5

Fourier analysis allows you to take a waveform, and translate it into a graph of frequency against amplitude. The graph for a sine wave is at zero everywhere apart from one frequency. The graph for white noise shows the same amplitude for all frequencies. The graph for a single note played on, say, an acoustic guitar shows a big peak for the frequency of ...


5

"Tone deaf" is a bit of a misnomer -- if someone truly wasn't able to understand relative pitch, it would show up in their speech patterns. So, usually the term is applied to people for whom discerning differences in pitch is difficult, at least with the precision that is required for music. The fact that you must multitask this process with the act of ...


5

The way I understand it, this is more of an issue on upright pianos than grands. It has to do with the construction of the action, the system of levers and hammers that transfer the energy of striking the key into the energy of the hammer striking the note. If you own an upright piano at home, I highly recommend dismantling the front panel (ask yer parents, ...


5

This is an interesting question and I'm not aware of much if any actual research on it. Most pianists seem to claim that you can play a note with exactly the same loudness but with a different quality. I myself have a difficult time believing this as I cannot see any physical reason for it; the only thing you can control before the note is the speed at which ...


4

Use a shallower mouthpiece. On any brass instrument, a shallower cup on the mouthpiece will allow the player more range (it's easier to switch partials; I'm actually not sure why, but I think it has to do with adding backpressure), but the tradeoff is a "blattier" sound; less mellow, harder to blend in with a large group (because that backpressure makes it ...


4

I have an Epiphone 335 copy (they call it a "Sheraton") and a Warmoth-parts solid-body with "tone chambers" in it. I wouldn't describe either as having a "mellow" sound, per se. The Epiphone does have a sound I'd describe as "open" and "woody", though not as much so as my all-hollow archtop. You've heard 335's a thousand times, I'm sure, and you know how ...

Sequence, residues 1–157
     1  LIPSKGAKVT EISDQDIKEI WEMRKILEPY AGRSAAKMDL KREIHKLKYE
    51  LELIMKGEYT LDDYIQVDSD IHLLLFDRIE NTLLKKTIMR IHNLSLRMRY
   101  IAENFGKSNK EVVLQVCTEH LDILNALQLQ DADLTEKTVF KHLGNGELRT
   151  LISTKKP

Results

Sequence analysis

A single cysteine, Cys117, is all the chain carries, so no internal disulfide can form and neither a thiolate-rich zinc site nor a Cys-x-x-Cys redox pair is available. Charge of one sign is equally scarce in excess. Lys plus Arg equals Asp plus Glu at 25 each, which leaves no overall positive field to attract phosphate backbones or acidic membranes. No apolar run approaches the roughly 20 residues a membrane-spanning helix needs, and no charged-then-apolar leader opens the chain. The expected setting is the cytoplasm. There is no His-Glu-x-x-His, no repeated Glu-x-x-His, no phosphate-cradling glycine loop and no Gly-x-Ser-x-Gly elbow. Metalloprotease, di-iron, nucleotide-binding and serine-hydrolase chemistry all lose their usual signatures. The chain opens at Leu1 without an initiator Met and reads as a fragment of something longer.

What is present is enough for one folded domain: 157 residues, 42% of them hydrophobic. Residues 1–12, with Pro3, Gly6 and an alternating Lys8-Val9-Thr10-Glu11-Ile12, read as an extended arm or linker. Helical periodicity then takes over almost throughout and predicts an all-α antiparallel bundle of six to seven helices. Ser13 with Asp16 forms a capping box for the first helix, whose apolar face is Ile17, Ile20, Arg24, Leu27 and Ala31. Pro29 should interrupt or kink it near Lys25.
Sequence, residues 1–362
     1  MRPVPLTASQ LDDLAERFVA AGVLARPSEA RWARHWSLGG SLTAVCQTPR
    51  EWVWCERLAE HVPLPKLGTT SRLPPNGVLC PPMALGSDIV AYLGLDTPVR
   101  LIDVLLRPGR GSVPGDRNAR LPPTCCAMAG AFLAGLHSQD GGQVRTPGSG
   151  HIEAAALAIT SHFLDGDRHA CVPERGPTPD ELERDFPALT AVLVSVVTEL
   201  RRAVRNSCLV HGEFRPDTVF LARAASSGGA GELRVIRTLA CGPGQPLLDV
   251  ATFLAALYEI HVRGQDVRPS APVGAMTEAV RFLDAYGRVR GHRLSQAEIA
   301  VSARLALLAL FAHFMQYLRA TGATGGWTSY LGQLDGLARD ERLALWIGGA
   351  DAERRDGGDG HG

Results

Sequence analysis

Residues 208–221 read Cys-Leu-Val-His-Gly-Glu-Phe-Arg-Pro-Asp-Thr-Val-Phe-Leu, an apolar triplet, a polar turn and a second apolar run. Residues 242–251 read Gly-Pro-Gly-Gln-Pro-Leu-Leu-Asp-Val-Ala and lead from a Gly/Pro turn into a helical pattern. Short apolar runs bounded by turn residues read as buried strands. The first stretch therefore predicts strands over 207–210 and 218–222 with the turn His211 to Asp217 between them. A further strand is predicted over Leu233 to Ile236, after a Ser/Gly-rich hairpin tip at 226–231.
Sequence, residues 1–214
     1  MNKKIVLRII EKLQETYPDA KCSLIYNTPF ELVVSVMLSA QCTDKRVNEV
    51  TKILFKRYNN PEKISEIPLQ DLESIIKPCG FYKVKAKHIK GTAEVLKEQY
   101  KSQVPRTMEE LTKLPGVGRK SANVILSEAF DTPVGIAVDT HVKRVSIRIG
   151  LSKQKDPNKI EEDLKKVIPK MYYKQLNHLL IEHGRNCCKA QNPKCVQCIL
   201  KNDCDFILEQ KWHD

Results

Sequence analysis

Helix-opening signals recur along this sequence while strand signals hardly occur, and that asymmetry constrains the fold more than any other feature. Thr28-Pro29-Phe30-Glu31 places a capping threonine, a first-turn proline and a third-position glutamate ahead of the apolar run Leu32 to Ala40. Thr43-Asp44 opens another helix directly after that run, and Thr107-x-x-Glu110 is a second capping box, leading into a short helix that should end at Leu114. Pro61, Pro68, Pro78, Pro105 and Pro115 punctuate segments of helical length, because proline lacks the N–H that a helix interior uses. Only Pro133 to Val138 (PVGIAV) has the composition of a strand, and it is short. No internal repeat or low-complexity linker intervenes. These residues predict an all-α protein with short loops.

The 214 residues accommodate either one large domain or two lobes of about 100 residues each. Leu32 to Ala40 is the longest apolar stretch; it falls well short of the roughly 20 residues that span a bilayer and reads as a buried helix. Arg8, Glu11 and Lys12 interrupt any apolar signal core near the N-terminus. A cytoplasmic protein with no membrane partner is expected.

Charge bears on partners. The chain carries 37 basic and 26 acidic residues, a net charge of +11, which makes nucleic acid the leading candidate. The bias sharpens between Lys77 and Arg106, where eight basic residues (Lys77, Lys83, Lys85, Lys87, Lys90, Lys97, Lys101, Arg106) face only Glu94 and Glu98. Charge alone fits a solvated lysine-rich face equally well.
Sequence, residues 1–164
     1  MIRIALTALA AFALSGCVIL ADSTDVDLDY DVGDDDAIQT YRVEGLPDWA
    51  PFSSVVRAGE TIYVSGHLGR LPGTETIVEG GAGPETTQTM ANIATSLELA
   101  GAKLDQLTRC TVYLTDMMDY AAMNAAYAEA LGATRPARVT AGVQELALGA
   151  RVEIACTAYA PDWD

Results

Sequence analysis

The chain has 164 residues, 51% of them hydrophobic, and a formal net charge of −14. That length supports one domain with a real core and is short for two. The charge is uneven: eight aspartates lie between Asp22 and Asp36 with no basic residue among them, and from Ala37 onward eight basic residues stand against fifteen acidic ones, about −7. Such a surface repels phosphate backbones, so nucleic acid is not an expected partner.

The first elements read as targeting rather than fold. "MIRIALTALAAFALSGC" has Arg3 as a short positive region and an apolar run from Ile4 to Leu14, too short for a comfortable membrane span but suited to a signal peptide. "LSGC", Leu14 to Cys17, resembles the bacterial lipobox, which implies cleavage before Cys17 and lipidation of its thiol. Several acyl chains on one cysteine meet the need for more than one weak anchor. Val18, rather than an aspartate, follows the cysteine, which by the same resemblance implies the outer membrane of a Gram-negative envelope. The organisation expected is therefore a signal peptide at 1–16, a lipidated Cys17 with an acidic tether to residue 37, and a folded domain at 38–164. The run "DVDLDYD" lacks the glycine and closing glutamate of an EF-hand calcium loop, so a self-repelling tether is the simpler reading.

4

Equipment plays a significant role in a guitarists tone, as does technique, but another important factor to consider is post-production. For example, if I take a pair of Metalcore bands, hand them all PRS SE 245's and a Boogie Triple Rec and tell them to go nuts they will sound very close to alike. They won't sound exact due to inflection and expressiveness ...


4

The fundamental problem you are struggling with is that human language is inadequate to describe sounds and the timbres of instruments. This goes back to the maxim "Writing about music is like dancing about architecture." Any time anybody tries to create written descriptions of sounds, that person has to apply their own subjective vocabulary. So no, there ...


4

Where it's used is irrelevant. No genre demands a particular type of voice, a particular sound, etc. Well, opera demands some special usage of some muscles, but other than that you find all sorts of characters dipping into all kinds of genres. That being said, it is true that a lot of rock artists have higher tenor voices, but that doesn't mean bassier ...


3

The tone quest is very ellusive. I too went down trying to get Andy Timmons sound several years ago. It is damn near impossible to get the exact sound without the exact equipment. PU's matter but the amp and effects are just as important. Each variable in the equation interacts with all the others to create compound effects that are impossible to determine. ...


3

The answer to this question is related / depends on each instrument/player. One thing you didn't mention and is important is that heavier strings might make more tension and stress on the violins neck/fingerboard. Trying to address your questions: Yes. But this change is bigger between different brands than different gauge on same brand. Depends. If you ...


3

First, let's make a distinction: When you say "bassy", are you talking about the tone of your voice, or the pitch range of your voice? Your pitch range, or voice type (bass, baritone, tenor) is not something you can change, but you can learn to expand your range. If by "bassy" you mean the tone you produce rather than the pitch range, then voice lessons ...